• Gay, bisexual and other men who have sex with men had higher rates of mental health diagnoses than heterosexual men.

Adherence and health

  • People who were diagnosed with mental health conditions were more likely to miss refilling their prescriptions for ART and more likely to have lower CD4+ cell counts and higher viral loads than HIV-positive people who did not have these diagnoses.

Milder to more serious forms of illness

  • People who developed initially milder forms of mental health disorders were at increased risk for subsequently developing more severe mental health diagnoses.

Bear in mind

About 25% of HIV-positive participants were diagnosed with a mental health condition during the study. This is a large percentage of people and this finding caused the researchers to reflect on the mental and general health milieu of HIV-positive people in B.C. As a result of this reflection and after assessing results from other studies, the researchers made the following statements:

  • Further research is needed “to explore gendered factors contributing to elevated incidence of mental health disorders, such as depression, experienced by women living with HIV who face multiple intersecting inequities and barriers to both HIV and mental health care…. Critical efforts and research are needed to promote improved uptake and rollout of integrated mental health services for women living with HIV in B.C.”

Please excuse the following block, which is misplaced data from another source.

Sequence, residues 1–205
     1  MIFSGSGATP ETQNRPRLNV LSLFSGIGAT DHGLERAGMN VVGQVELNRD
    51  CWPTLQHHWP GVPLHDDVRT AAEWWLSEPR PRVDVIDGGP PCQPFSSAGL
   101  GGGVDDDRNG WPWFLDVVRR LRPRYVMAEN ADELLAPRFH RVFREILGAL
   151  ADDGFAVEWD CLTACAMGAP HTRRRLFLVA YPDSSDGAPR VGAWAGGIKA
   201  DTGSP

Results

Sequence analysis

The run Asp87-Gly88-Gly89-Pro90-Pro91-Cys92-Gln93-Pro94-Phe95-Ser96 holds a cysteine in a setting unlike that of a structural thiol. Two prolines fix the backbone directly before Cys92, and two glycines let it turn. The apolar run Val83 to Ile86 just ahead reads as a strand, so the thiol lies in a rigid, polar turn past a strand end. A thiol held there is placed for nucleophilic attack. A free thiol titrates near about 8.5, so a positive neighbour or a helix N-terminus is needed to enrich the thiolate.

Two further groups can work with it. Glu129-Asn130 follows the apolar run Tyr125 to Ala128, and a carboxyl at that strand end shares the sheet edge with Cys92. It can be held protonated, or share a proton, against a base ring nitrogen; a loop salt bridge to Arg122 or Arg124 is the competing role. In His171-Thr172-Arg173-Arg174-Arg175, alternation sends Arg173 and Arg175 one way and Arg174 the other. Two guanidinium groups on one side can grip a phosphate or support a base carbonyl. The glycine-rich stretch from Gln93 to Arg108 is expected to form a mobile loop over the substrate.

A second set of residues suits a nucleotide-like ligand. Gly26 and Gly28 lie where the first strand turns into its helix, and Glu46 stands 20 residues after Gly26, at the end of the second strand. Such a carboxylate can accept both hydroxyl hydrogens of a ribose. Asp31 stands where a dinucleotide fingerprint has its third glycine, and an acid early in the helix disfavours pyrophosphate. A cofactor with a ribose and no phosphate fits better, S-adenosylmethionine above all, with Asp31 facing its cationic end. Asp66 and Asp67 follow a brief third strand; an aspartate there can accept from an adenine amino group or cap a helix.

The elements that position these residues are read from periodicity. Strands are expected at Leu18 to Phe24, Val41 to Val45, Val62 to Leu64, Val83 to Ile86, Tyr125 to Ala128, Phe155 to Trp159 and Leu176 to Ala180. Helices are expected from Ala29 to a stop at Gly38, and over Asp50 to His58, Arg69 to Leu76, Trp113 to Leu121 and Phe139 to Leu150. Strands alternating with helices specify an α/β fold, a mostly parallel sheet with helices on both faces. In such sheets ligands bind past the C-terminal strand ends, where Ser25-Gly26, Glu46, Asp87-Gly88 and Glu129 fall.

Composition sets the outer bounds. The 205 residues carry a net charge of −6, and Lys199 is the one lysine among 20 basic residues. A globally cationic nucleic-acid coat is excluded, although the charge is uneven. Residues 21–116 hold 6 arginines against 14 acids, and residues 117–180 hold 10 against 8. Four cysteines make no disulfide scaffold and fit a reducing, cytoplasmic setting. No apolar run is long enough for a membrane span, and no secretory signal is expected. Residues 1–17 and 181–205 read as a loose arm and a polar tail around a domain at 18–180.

• “The combination of clinical symptoms, treatment side effects, addictions, stigma, discrimination and criminalization faced by [HIV-positive people] may mask symptoms of depression and create barriers to accessing mental health services, making identifying and diagnosing mental health conditions difficult for health care providers. Untreated mental health conditions have been associated with increased substance use, suicide, reduced adherence to ART and poorer treatment outcomes [in previous studies].”
  • The findings from this study “indicate that milder forms of depression, generalized anxiety and problematic substance use are likely predictors of more serious forms of depression and bipolar disorders.”
  • “Efforts should be taken to address and identify mental health concerns and substance use early on, in order to improve treatment outcomes and the overall well-being of [HIV-positive people] as well as individuals living in the general B.C. population.”
  •  “Increasing access to mental health and addiction services among [HIV-positive people] has been shown to be a cost-effective strategy and an important intervention for improving treatment outcomes and overall [survival].

In summarizing the implications of their findings, the researchers issued the following call: “Comprehensive mental health, addiction and concurrent infectious disease treatment should be included as standard care within the treatment of HIV in B.C., Canada and globally.”

Resources

Vancouver researchers study short-term hospital readmission rates among HIV-positive peopleCATIE News

High rates of mental health and addiction care use in OntarioCATIE News

Continuing care needed for HIV-positive people after hospitalization for mental health issuesCATIE News

Large study finds mental health issues common among HIV-positive people – TreatmentUpdate 219

Detectable viral loads linked to smoking and mental health issues – TreatmentUpdate 219

High rate of mental health issues found among some PEP usersCATIE News

Pushing back against challenges to mental health and emotional wellnessTreatmentUpdate 204

—Sean R. Hosein